Date of Award

8-2010

Degree Type

Thesis

Degree Name

Master of Science

Major

Mechanical Engineering

Major Professor

Madhu S. Madhukar

Committee Members

J.A.M. Boulet, John D. Landes

Abstract

Several problems must be solved in the construction, design, and operation of a nuclear fusion reactor. One of the chief problems in the manufacture of high-powered copper/polymer composite magnets is the difficulty to precisely control the fiber volume fraction. In this thesis, the effect of variations in fiber volume fraction on thermal stresses in copper/cyanate ester composite cylinders is investigated. The cylinder is a composite that uses copper wires that run longitudinally in a cyanate ester resin specifically developed by Composite Technology Development, Inc. This composite cylinder design is commonly used in magnets for nuclear fusion reactors. The application of this research is for magnets that use cylindrical coil geometry such as the Mega Amp Spherical Tokamak (MAST) in the UK. However, most stellarator magnet designs use complex geometries including the National Compact Stellarator Experiment (NCSX), and the Quasi-Poloidal Stellarator (QPS). Even though the actual stresses calculated for the cylindrical geometry may not be directly applicable to these projects, the relationship between fiber volume fraction and stresses will be useful for any geometry. The effect of fiber volume fraction on stresses produced by mechanical, thermal and magnetic loads on cylindrical magnet coils is studied using micromechanics with laminate plate theory (LPT) and finite element analysis (FEA).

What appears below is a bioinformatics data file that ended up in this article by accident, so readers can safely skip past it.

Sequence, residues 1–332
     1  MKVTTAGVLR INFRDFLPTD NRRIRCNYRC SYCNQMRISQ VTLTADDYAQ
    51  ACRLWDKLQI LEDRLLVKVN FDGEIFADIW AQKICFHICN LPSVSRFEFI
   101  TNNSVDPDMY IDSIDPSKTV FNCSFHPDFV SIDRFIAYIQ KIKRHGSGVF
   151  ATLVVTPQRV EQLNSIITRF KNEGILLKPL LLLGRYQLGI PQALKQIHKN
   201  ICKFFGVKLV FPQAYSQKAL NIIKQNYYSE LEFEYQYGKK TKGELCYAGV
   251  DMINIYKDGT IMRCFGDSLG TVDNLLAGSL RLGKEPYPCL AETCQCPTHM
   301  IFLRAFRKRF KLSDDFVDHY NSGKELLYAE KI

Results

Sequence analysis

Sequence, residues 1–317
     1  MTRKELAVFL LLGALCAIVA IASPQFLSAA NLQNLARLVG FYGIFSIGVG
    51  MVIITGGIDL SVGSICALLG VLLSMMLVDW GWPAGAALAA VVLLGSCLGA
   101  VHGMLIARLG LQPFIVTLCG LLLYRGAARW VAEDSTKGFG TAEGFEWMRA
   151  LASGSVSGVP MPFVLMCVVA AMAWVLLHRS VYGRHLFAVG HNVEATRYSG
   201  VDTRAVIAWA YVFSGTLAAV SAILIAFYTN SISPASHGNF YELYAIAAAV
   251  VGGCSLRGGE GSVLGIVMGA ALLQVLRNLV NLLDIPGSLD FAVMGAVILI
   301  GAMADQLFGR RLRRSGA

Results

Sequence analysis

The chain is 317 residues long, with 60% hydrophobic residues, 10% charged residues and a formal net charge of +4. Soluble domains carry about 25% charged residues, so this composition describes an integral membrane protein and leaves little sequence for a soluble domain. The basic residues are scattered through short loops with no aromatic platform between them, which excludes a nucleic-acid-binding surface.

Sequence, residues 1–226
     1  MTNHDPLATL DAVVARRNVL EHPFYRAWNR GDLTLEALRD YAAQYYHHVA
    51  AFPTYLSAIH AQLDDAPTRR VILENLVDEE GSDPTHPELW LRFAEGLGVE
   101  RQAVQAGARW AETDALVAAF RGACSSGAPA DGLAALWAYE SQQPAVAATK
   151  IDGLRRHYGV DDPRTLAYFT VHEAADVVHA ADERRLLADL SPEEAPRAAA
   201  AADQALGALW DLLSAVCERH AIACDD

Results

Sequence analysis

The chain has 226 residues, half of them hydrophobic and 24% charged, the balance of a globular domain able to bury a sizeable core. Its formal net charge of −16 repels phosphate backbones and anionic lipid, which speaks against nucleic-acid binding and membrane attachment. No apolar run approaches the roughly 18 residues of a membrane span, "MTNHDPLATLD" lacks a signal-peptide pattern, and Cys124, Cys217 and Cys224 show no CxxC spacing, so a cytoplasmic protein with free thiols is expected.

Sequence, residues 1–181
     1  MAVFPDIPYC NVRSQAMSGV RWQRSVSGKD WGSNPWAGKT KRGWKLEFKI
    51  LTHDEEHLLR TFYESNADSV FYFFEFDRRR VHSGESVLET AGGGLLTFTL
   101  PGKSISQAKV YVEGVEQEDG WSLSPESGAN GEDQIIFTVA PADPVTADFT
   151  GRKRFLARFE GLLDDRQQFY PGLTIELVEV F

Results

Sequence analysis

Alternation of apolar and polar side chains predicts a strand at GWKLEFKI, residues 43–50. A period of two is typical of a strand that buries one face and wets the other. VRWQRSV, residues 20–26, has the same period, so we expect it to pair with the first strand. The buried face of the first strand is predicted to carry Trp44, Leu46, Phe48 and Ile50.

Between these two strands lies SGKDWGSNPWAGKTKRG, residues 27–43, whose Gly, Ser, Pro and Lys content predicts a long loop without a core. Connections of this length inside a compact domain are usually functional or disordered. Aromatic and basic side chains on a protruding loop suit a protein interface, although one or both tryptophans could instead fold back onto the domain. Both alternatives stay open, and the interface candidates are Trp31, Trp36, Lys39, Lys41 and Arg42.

Based on the findings of this research, variations in volume fraction do significantly affect the stress experienced by the composite cylinder. Over a range of volume fractions from 0.3 to 0.5, the LPT results demonstrate that thermally induced stresses vary approximately 30% while stresses due to pressure vary negligibly. The FEA shows that magnetic stresses vary much less at around only 5%. FEA results seem to confirm the LPT model. It was also concluded that the stress in the insulation layers due to all types of loadings is significant and must be considered when using this system in fusion applications.

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